Regular Supervision - Article 19

Governments prepare and send reports

Workers’ organizations can make observations on the way ratified Conventions are being applied.

Under article 23, paragraph 2, of the ILO Constitution member States have the obligation to communicate to the representative organizations of employers and workers copies of the reports supplied to the Office. This obligation is intended to enable employers’ and workers’ organizations to participate fully in the supervision of the application of ILS. Employers’ and workers’ organizations may make observations on the subject matter of the reports and on compliance with the obligations arising from ratified Conventions. Click to see a checklist tool helping social partners decide how to participate.

In some cases, governments transmit the observations made by employers’ and workers’ organizations with their reports, sometimes adding their own comments. However, in the majority of cases, observations from employers’ and workers’ organizations are sent directly to the Office which, in accordance with the established practice, transmits them to the governments concerned for comments, so as to ensure respect for due process.

Observations from employers’ and workers’ organizations sent directly to the Office should clearly indicate the intention to submit observations to the CEACR and should be signed. They should reach the Office no later than 1 September each year. Organizations are encouraged to send their observations by email (

For reasons of transparency, the CEACR keeps record in its annual report of observations by employers’ and workers’ organizations. Appendix III to its report lists all observations received from them on the application of ratified Conventions. It is also possible to see the list of “Observations made by employers’ and workers’ organizations (Art. 23)” in each country, in the NORMLEX database with country profiles.

Number of observations received from workers’ organizations by year (since 2009)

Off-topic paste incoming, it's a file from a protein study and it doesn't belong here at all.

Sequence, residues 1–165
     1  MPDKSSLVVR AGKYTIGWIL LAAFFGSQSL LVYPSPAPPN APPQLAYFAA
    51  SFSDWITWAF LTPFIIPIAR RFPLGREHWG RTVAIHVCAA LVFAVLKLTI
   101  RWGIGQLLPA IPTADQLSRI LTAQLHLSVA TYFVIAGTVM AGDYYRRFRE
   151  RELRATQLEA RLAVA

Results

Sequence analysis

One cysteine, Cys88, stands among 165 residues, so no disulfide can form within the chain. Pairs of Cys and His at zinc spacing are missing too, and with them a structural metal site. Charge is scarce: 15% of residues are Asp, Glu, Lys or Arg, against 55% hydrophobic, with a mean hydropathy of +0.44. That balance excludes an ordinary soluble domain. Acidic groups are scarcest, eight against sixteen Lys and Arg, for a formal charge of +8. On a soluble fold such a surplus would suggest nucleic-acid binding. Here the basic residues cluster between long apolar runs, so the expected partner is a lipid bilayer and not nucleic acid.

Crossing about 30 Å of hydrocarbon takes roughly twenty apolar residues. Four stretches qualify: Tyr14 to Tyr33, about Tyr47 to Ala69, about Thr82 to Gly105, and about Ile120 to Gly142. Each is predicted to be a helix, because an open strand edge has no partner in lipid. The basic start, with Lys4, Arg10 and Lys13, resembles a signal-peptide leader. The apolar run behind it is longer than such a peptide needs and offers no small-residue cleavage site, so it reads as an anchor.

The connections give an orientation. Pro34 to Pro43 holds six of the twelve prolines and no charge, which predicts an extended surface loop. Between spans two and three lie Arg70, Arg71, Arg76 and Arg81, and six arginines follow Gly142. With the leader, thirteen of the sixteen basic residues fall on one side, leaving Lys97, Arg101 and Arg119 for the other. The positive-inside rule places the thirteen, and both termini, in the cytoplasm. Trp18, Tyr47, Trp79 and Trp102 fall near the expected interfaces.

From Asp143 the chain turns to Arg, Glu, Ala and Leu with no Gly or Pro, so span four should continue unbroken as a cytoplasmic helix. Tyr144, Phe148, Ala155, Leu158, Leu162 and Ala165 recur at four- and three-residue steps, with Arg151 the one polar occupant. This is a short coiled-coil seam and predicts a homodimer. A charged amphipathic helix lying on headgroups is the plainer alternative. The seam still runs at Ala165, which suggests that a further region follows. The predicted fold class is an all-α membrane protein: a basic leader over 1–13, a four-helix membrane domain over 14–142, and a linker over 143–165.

How the CEACR treats observations on ratified Conventions made by employers’ and workers’ organizations

The CEACR systematically recalls that the contribution by employers’ and workers’ organizations is essential for its evaluation of the application of Conventions in national law and in practice and, in the context of the regular review of its working methods, has adopted a practice for treating observations from both employers’ and workers’ organizations.

Where the CEACR finds that the observations are not within the scope of the Convention or do not contain information that would add value to its examination of the application of the Convention, it will not refer to them in its comments. Otherwise, the observations received from these organizations may be considered in a comment, taking the form of an observation or a direct request, as appropriate.

In a reporting year

When observations are not provided with the government’s report, they should be received by the Office by 1 September at the latest, so as to allow the government concerned to have a reasonable time to respond, thereby enabling the CEACR to examine the issues raised at its session the same year. When observations are received after, they would not be examined in substance in the absence of a reply from the government, except in exceptional cases, which are cases as those where the allegations are sufficiently substantiated and there is an urgent need to address the situation, whether because they refer to matters of life and death or to fundamental human rights or because any delay may cause irreparable harm. In addition, observations referring to legislative proposals or draft laws may also be examined by the CEACR in the absence of a reply from the government, where this may be of assistance for the country at the drafting stage.

Outside of a reporting year

When observations simply repeat those made in previous years, or refer to matters already raised by the CEACR, they will be examined in the year when the government’s report is due, in accordance with the regular reporting cycle. In this case, a report will not be requested from the government outside of that cycle. However, where the observations meet the above-mentioned criteria of exceptional cases, the CEACR will examine them in the year in which they are received, even in the absence of a reply from the government concerned.

Furthermore, where the observations on a technical Convention meet the criteria set out below, the CEACR will review the application outside of a reporting year. The criteria are:

  • the seriousness of the problem and its adverse impact on the application of the Convention;
  • the persistence of the problem; and
  • the relevance and scope of the government’s response in its reports or the absence of response to the issues raised by the CEACR, including cases of clear and repeated refusal on the part of a State to comply with its obligations.

The CEACR will therefore request the Office to issue a notification to the government that the observations received on a technical Convention will be examined at its subsequent session with or without a response from the government. This would ensure that the government has sufficient notice while ensuring that the examination of matters of importance are not further delayed.